from A Painter’s Life(Inkwater Press)
by K.B. Dixon
In my favorite portrait of myself I am wearing an opaque eyelet dress, layered, with the scallop edges of the hemline barely whispering across the carpeted studio floor. It could have been worn for a christening though its lavish detail would have stolen something from an event where the child ought to be the focus. The child, wearing a long flowing white dress that could be handed down to brother and sister for each successive important day, that’s what matters at a christening. The child is what people should gaze upon at such an event, not a mother or aunt or friend wearing a too-elegant eyelet dress.
It could be a wedding dress but of course, it wasn’t.
I find so few photographs of myself that I wish to share with others but in this one, I appear taller than my five feet, two inches as I’ve chosen a hat with ostrich plumes swept up in the back and high over my head. The plumes shade my eyes with dried berries that flow out onto the hat’s white brim in a cornucopia of fruit. My hair, the color of oiled leather, is coiled up beneath the brim. (My little brother, Roy, says I have hair the color of cow pies dotting the pasture on our grandparent’s farm, but that’s the nature of little brothers born in the new century, or at least was Roy’s creative nature before the accident.) The milliner did splendid work and the white of the felted hat brim brings the eye to the dress which is what I wanted. The beauty of the dress is the real subject of the photograph.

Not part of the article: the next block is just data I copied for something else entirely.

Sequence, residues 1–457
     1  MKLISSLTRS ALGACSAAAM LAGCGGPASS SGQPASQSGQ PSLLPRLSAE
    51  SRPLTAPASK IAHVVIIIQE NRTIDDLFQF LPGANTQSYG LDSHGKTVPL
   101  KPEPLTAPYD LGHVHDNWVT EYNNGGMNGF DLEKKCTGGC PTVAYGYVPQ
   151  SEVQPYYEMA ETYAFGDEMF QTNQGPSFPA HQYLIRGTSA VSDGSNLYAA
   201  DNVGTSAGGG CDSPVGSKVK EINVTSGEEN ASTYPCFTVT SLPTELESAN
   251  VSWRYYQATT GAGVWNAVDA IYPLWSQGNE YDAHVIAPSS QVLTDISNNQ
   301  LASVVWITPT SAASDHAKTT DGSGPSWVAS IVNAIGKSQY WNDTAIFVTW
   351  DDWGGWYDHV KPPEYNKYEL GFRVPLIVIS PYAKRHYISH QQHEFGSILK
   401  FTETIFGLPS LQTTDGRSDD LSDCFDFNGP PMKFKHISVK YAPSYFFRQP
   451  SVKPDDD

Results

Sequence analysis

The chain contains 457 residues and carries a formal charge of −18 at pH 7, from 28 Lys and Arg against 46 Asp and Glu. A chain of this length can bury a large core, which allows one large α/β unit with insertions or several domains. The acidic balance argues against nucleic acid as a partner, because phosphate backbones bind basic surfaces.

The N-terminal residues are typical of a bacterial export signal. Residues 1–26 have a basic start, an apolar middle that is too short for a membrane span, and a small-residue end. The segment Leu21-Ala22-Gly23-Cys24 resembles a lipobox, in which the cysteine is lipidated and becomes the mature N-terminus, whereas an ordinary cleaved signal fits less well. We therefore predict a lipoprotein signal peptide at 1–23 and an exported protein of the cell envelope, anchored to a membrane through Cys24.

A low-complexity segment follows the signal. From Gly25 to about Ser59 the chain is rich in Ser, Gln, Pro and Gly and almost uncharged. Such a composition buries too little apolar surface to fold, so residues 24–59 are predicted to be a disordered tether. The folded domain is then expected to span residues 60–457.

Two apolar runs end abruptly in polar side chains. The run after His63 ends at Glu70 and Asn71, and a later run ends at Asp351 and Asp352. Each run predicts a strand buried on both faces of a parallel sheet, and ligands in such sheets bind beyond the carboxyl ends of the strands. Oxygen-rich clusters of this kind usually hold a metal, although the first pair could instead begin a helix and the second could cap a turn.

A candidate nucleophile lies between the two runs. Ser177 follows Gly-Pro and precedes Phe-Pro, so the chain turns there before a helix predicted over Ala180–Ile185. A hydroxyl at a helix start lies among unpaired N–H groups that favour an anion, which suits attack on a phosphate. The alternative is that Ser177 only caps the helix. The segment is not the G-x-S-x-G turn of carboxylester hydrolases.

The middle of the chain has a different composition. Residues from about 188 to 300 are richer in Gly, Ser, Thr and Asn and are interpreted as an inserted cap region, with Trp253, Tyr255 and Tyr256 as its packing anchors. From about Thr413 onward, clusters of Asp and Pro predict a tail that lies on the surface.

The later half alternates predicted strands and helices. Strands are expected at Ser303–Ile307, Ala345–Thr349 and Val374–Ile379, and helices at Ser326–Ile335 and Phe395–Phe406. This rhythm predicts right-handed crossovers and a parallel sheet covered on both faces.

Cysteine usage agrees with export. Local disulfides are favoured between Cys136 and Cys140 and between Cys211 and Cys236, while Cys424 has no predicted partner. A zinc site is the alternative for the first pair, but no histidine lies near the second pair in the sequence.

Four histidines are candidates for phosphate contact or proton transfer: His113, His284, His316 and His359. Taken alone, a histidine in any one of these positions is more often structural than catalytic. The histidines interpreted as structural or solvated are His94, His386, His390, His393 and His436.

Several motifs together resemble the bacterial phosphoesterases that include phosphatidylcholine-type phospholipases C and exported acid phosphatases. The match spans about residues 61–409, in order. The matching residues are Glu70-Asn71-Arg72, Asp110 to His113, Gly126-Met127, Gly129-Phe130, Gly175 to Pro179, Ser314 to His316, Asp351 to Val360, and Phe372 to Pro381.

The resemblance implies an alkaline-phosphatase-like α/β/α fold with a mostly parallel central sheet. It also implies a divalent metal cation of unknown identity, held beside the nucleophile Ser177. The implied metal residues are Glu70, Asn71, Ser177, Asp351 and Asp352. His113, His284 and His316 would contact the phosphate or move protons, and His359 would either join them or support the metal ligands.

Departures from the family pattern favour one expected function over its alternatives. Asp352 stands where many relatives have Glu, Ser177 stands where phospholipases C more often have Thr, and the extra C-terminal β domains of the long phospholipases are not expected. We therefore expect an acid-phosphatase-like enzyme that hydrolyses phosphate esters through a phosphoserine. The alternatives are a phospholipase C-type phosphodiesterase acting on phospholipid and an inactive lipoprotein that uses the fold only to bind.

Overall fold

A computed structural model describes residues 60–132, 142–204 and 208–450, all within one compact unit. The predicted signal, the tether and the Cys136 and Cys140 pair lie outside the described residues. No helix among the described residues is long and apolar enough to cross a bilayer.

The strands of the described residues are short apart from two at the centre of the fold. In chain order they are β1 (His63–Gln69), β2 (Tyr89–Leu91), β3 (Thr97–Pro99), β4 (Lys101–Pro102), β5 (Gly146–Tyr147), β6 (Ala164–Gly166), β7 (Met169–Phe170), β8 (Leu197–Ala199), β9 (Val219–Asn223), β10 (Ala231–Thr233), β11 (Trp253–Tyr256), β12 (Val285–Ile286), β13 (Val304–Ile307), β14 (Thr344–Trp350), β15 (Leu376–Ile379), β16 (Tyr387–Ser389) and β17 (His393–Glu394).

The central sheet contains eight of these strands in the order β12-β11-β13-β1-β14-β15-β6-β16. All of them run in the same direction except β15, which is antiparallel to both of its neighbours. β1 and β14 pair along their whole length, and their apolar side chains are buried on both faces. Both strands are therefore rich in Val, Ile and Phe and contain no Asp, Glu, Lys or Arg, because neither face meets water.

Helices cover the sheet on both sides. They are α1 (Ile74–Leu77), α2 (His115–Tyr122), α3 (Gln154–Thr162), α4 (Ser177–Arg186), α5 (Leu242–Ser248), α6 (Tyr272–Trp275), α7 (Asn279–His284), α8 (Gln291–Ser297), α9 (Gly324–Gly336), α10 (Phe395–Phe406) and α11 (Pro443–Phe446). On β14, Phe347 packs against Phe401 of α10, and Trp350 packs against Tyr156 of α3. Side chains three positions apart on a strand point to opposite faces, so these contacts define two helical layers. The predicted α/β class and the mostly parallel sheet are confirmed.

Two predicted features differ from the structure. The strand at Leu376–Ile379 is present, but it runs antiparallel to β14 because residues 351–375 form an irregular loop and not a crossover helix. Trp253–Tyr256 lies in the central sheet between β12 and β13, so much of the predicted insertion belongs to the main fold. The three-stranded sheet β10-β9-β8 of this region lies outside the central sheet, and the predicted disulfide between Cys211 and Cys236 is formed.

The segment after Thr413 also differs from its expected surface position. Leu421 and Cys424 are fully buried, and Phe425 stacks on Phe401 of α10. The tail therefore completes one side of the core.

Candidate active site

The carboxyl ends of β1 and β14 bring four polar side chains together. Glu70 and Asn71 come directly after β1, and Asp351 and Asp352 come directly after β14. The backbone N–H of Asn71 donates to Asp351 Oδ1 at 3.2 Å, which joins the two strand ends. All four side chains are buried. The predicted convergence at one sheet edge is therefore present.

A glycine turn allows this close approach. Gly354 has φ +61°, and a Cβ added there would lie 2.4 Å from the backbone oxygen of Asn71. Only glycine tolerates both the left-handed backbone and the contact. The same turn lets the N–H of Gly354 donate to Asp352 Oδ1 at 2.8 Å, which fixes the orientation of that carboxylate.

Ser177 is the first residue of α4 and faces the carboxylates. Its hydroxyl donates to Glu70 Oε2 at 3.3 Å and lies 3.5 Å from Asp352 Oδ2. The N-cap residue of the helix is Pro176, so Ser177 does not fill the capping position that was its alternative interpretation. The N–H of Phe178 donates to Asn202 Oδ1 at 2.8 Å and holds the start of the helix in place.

from A Flickering Light(WaterBrook Press)
by Jane Kirkpatrick
He knows he’s in trouble when she comes out from behind the Subaru, still in her sun dress, her bare legs tapering dramatically into a pair of heavy-soled leather brogues. The dress, an unripe apple green, seemed innocent enough as they drove across the state in the dense July heat, tracing the margins of a vast smear of smoky sky fed by wildfires in the distant mountains. The straps at her sharp collarbones left her toned arms free to steer, and only once, behind his sunglasses, had he suffered several miles of foolish thoughts, lost in study of the delicate veining along the inside of her far bicep. The hem, to be sure, had ridden, on occasion, high on her thighs as she stirred beneath the wheel, forcing him to avert his eyes. But at Elgin Fischer’s age, all dresses seem short, if only because so few women wear them anymore—although there also remains, for him, the simple consideration of their remarkable, panoramic access.